The whole thing is free and takes place at the DC LGBT Center. In addition to the festival itself, I'll be joining the Outwrite Author's Corner panel at the Ask Rayceen Show, Wednesday night 8/2 (so probably tonight, by the time most of you read this), at the Human Rights Campaign. (I am definitely there even though not confirmed before the Facebook post went up. I checked.) In addition to geeky authors, there will also be a poetry slam and burlesque, making for a truly variable variety show.


Then the weekend of August 18th, I'll be in Providence for Necronomicon! I'm on:

Saturday 8/19, 10:30-11:45AM: LOVECRAFT REVISIONS – Grand Ballroom, Biltmore 17th Floor

They are the Rodney Dangerfields of Lovecraft’s work: the dreaded revisions! Consisting of stories edited and often completely rewritten by Lovecraft, they tend to be overlooked by many readers and scholars. Yet, Lovecraft’s work on his client’s stories elevated many of them from mere hackwork to excellent examples not only of his own prose and ideas but his philosophy as well. Hear why our panelists say that these revisions should not be passed over as ‘minor’ works.

Panelists: Peter Cannon (Moderator), Ruthanna Emrys, S.T. Joshi, Leslie Klinger, Steve Mariconda, Anne Pillsworth


Saturday 8/19, 6-7:15PM: THE KING IN YELLOW & ROBERT CHAMBERS – Omni 1

Thanks to a resurgence of interest via popular culture, this long-forgotten writer is better known than ever before. But what EXACTLY is “The King in Yellow” and why is it important? This panel discusses Chambers’ trail-blazing book, what effect it’s had on Lovecraftiana (if not Lovecraft himself) and weird fiction, and why it is gaining more readers today.

Panelists: Ruthanna Emrys, Alex Houstoun (Moderator), Rick Lai, Joe Pulver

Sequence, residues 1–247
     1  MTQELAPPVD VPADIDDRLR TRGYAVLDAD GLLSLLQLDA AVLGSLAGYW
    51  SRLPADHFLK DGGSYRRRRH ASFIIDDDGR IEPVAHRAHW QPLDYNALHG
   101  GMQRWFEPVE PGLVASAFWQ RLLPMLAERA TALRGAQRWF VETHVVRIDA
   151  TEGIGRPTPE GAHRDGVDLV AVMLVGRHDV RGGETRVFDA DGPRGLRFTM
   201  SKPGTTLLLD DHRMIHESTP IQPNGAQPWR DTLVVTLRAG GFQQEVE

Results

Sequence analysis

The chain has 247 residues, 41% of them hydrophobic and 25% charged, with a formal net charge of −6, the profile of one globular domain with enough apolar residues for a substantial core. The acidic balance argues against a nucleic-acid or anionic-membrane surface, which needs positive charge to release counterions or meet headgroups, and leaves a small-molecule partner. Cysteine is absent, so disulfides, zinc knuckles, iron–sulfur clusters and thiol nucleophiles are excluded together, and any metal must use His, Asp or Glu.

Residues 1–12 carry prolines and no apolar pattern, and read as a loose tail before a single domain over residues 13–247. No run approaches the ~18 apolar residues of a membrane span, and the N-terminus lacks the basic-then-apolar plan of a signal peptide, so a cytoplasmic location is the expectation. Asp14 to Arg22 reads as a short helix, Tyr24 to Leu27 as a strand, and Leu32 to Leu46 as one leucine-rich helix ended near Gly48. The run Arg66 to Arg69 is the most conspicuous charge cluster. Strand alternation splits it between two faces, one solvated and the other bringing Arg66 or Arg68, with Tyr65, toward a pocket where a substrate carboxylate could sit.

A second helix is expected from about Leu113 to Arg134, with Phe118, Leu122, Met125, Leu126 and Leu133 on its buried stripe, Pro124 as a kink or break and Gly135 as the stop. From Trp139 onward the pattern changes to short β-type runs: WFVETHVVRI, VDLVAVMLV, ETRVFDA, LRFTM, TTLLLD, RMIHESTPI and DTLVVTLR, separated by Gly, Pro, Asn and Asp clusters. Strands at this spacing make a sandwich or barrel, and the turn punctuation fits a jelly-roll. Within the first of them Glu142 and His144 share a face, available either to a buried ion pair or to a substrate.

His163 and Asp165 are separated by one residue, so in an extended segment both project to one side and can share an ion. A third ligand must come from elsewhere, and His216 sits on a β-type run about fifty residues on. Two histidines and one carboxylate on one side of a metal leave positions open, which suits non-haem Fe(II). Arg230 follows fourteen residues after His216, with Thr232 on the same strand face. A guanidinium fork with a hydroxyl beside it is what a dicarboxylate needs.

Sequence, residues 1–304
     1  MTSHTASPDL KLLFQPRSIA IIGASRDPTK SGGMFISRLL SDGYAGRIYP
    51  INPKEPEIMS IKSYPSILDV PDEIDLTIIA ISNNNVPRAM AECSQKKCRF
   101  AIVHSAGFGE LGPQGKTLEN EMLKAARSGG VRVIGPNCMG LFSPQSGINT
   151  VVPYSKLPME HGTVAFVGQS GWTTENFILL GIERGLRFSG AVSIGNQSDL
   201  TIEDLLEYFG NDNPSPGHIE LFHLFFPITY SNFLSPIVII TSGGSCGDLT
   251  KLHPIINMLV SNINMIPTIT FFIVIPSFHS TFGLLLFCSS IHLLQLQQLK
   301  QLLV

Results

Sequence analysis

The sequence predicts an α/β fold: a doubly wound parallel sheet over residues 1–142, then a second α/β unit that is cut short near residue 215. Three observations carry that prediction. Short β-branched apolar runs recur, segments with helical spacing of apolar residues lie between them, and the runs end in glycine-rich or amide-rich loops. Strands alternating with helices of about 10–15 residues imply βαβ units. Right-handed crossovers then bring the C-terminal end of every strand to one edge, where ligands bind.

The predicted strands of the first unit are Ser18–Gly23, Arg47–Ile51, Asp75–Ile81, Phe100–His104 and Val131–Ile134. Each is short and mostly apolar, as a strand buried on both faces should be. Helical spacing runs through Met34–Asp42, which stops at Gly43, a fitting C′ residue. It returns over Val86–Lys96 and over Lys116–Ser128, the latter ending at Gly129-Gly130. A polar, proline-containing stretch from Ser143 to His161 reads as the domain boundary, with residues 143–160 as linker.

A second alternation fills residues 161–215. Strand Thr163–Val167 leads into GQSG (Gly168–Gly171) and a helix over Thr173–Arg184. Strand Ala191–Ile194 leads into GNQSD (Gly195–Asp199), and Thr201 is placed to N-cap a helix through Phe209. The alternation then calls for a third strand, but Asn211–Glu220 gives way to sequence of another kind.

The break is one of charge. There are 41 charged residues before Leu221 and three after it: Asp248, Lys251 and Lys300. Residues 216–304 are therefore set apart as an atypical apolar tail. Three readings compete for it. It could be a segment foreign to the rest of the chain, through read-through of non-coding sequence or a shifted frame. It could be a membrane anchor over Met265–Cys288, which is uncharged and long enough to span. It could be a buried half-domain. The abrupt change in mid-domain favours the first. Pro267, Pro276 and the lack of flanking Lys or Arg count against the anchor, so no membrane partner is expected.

Sunday 8/20, 4:30-5:45: THE FUTURE OF WEIRD FICTION and NECRONOMICON-PVD – Garden Room, Biltmore 2nd Floor

Join our panel of experts as they discuss the most vital Weird Fiction of today and the direction they see it moving towards in the future. The panel concludes with some thoughts on this year’s convention and future plans…

Panelists: s.j. bagley (moderator), Sam Cowan, Ellen Datlow, Ruthanna Emrys, Michael Kelly


John Jude Palencar, who painted the gorgeous cover for Winter Tide, will be the Artist Guest of Honor. No guarantees, but it's just possible there may be a sneak preview of the Deep Roots cover, which I'm not allowed to post yet but is likewise gorgeous.

There are plans for a reading as well--I thought we finally had a time nailed down, but it turned out to require co-location and/or time travel. That would only be possible if I were an ancient eldritch horror with powers beyond mortal ken, which of course I am definitely not.

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2017-07-23 12:12 am

Five Things

 I've been somewhat neglectful here. So, a low-stress post in which I don't try to go into anything in depth, because cramps, and because the summer's round of one-thing-after-another doesn't actually finish up for another month.

1) Readercon was awesome and a thing I want to go back to. I wasn't on program this year, which is something I want to change next year but on the other hand it was really nice to have one of the summer's Things be basically relaxing. I hung out with [personal profile] gaudior and [personal profile] rushthatspeaks and [personal profile] mrissa and Greer, and had a useful lunch with my agent and editor, and picked up a large stack of books, and generally had a great time. And then read at Pandemonium after the con with Fran Wilde and Chris Sharp, and that was also great, and the large stack of books that I had to deconstruct in order to see the audience reduced quite satisfactorily by the end of the event.

2) I have my mostly-final schedules for Necronomicon and the Baltimore Book Festival, which I will post once they're final. I also know what I'm doing at the Outwrite queer literature festival, except that I can't find the time for my panel now, so that will be here later too. But it's in DC on August 5th and promises to be a fun time.